The most powerful rocket in the world is getting ready to take flight for the first time in more than three years.
SpaceX has linked up the three boosters that comprise the first stage of its Falcon Heavy rocket, in preparation for an upcoming liftoff from Pad 39A at NASA's Kennedy Space Center.
SpaceX posted a photo of that milestone on Twitter Sunday (Oct. 23), showing the three boosters laid out horizontally, their combined 27 Merlin engines all visible.
"Falcon Heavy in the hangar at Launch Complex 39A," the company tweeted as a caption to the photo.
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Those three boosters are modified first stages of the Falcon 9, SpaceX's workhorse rocket. The Falcon Heavy straps them together and puts a payload-carrying second stage atop the central booster.
Together, those 27 Merlin engines generate about 5 million pounds of thrust at liftoff, which is unmatched among rockets flying today.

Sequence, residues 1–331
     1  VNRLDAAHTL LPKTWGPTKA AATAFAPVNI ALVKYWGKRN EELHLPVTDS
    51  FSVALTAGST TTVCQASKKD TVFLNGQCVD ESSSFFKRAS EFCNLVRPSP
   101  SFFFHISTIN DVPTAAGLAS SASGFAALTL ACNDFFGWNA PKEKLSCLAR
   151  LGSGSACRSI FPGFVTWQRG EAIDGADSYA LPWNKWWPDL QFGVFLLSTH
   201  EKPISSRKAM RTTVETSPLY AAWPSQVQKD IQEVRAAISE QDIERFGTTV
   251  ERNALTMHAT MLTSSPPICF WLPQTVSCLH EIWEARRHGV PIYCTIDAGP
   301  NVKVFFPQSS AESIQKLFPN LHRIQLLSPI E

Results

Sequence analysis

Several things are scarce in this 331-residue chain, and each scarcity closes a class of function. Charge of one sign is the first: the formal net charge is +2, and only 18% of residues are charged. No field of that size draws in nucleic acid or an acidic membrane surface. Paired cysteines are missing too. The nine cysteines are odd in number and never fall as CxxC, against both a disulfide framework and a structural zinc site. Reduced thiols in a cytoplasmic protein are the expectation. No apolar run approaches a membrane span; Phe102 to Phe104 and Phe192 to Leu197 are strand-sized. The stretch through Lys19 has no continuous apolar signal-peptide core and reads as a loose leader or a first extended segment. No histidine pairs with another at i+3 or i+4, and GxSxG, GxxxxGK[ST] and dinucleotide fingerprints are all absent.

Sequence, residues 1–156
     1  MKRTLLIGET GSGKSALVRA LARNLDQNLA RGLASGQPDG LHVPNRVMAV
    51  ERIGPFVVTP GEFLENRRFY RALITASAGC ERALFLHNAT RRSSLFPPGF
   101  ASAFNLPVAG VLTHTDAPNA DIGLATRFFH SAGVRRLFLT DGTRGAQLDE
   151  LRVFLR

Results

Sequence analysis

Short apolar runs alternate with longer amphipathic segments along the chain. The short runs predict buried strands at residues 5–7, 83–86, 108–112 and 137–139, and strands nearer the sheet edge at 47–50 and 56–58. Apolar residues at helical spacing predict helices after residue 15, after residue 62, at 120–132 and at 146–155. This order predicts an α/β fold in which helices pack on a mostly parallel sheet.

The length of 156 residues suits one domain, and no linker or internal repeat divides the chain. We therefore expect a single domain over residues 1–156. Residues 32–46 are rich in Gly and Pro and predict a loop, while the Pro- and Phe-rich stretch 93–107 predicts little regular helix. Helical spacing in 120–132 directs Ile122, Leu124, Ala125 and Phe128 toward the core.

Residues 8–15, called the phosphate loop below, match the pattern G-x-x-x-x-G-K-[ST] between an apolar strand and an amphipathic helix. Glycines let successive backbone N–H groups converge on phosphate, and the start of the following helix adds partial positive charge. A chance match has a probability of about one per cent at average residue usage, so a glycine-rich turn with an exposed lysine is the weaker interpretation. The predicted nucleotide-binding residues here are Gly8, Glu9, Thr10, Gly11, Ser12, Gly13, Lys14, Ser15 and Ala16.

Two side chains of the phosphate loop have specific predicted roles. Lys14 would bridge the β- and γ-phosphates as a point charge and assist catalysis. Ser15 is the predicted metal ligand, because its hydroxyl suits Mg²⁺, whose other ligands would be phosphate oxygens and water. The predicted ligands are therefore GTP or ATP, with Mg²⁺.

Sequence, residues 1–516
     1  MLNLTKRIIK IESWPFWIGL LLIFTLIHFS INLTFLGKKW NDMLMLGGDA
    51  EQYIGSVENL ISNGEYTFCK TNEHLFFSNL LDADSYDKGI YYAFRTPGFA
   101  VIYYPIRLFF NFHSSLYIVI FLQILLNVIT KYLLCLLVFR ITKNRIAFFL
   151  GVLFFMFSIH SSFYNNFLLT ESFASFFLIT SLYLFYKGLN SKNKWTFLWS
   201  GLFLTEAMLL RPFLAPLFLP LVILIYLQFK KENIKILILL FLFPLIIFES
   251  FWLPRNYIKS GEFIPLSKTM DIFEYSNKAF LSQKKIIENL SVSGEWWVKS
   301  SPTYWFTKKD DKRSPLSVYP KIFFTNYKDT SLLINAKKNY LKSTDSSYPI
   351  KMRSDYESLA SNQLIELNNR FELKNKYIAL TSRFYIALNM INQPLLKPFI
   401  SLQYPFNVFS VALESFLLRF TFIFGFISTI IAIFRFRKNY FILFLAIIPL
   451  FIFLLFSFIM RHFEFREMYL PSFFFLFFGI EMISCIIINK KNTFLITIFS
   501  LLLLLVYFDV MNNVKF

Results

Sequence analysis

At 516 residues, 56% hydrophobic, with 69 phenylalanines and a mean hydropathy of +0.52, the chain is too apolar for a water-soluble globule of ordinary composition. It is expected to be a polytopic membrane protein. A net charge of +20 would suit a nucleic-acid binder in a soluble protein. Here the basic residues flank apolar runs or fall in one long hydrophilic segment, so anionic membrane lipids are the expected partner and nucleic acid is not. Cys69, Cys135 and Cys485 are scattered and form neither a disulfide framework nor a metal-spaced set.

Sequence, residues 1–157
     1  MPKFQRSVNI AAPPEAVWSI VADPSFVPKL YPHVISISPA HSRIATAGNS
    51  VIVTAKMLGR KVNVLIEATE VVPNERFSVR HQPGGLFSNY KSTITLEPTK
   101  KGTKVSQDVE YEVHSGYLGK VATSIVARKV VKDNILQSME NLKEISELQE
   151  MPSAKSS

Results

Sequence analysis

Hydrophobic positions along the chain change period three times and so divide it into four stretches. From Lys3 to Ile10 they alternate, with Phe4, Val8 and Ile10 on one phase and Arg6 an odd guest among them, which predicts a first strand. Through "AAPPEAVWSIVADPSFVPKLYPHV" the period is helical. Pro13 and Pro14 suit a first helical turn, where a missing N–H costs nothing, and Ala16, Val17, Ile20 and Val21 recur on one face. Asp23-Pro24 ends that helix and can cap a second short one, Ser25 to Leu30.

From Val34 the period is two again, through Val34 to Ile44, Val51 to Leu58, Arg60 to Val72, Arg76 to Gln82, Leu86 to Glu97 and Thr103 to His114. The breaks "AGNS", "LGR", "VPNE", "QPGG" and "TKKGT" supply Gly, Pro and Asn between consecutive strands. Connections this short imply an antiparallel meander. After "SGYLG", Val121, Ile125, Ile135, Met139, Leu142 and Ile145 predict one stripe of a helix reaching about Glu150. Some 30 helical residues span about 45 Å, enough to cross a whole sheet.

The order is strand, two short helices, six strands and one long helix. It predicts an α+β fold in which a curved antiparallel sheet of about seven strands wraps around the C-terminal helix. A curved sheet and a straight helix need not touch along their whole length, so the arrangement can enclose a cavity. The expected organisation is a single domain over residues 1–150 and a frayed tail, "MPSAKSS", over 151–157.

"Falcon Heavy is the most powerful operational rocket in the world by a factor of two," SpaceX's Falcon Heavy specifications page reads. "With the ability to lift into orbit nearly 64 metric tons (141,000 lb), Falcon Heavy can lift more than twice the payload of the next closest operational vehicle, the [United Launch Alliance] Delta IV Heavy."
The current Falcon Heavy work at Pad 39A supports USSF-44, a coming mission that will launch two classified satellites to distant geostationary orbit for the U.S. Space Force. The launch date has not yet been officially announced, though various sources identify a "no earlier than" date of Oct. 31.
Falcon Heavy first stages, like those of the Falcon 9, are designed to be reusable. But only two of the three boosters on USSF-44 will come back to Earth for safe touchdowns; the central core will be ditched, falling into the sea when its launch work is done.
USSF-44 will be the first Falcon Heavy launch since June 2019 and just the fourth overall for the burly rocket. Its debut in February 2018 was one of the most memorable launches in recent memory: The test flight sent Elon Musk's Tesla roadster, "driven" by a spacesuit-clad mannequin named Starman, into orbit around the sun.
Mike Wall is the author of "Out There" (Grand Central Publishing, 2018; illustrated by Karl Tate), a book about the search for alien life. Follow him on Twitter @michaeldwall. Follow us on Twitter @Spacedotcom or on Facebook.